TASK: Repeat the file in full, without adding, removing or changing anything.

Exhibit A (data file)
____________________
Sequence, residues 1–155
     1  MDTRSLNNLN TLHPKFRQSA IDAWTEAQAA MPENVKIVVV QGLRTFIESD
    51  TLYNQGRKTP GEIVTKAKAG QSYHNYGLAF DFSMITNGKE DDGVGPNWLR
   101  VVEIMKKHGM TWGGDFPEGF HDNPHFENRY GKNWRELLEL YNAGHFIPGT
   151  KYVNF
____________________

Sequence, residues 1–155
     1  MDTRSLNNLN TLHPKFRQSA IDAWTEAQAA MPENVKIVVV QGLRTFIESD
    51  TLYNQGRKTP GEIVTKAKAG QSYHNYGLAF DFSMITNGKE DDGVGPNWLR
   101  VVEIMKKHGM TWGGDFPEGF HDNPHFENRY GKNWRELLEL YNAGHFIPGT
   151  KYVNF